4. referencing not plagiarising presentation (1)

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  • This session provides some basic pointers that will help you to identify a suitable topic and question for your EP. Even if you already have a topic in mind, the session will offer you tools to use to refine and focus your theme and the questions you ask – it may also lead you to develop ideas you hadn ’t considered yet. It ’s crucial to put some time and energy into this choice in order that you can make the most of project, and hopefully avoid regretting your choice when it’s too late and you’re most of the way through. You may need to revisit some of the activities after the session, or take more time away to reflect or discuss your ideas with friends or teachers – so don ’t feel that you need to have reached any final decisions over the next 40 or so minutes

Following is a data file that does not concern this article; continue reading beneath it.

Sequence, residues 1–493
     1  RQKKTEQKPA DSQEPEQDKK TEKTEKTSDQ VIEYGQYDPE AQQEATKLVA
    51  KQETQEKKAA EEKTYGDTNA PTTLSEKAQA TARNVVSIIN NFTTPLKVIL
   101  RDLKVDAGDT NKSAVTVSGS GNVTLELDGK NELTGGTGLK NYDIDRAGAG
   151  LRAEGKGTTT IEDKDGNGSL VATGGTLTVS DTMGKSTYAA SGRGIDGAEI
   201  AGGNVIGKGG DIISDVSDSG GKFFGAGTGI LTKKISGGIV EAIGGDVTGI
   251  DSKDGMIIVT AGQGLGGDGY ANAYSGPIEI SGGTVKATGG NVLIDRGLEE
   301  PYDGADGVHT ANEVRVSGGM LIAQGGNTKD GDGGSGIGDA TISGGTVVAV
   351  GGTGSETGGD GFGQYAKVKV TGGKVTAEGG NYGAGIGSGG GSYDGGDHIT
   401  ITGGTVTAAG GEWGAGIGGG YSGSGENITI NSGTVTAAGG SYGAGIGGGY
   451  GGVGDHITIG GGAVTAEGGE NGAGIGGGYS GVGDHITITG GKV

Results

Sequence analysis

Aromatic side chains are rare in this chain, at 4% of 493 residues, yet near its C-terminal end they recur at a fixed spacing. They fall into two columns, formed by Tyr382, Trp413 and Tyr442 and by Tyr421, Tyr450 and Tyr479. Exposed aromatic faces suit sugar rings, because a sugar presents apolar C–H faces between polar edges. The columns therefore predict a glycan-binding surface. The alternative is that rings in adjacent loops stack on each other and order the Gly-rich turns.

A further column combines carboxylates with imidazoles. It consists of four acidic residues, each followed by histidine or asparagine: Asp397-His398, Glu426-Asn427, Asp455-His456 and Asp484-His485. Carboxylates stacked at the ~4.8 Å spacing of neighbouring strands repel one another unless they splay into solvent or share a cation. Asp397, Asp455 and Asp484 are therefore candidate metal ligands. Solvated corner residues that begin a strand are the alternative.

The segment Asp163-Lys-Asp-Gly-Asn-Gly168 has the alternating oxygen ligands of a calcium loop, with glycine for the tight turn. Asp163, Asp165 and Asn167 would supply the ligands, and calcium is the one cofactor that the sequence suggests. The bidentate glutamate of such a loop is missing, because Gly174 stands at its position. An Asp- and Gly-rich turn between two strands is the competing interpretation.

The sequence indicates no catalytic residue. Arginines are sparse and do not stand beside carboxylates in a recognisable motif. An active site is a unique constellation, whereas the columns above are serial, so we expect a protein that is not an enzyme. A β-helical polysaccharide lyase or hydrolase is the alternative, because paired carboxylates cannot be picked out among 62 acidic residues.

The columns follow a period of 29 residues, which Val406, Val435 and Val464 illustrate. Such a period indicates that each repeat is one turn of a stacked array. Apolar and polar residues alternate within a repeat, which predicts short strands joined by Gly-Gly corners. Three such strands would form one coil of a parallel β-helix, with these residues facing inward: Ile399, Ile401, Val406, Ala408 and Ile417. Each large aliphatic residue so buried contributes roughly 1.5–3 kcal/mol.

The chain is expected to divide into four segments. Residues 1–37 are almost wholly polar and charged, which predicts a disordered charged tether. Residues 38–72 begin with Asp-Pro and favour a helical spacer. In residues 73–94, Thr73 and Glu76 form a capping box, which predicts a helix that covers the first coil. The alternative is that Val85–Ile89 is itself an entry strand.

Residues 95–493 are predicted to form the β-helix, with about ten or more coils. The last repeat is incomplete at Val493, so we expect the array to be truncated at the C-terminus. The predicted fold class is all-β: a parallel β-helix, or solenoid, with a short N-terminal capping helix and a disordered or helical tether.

• The first part of the session is all about how to perfect the technique of referencing. We will cover how to “cite” other peoples work and will explain how to create a reference list or bibliography. We will also cover the topic of plagiarism and how correct referencing will help you avoid this in your EPQ and in all other pieces of work you have to do.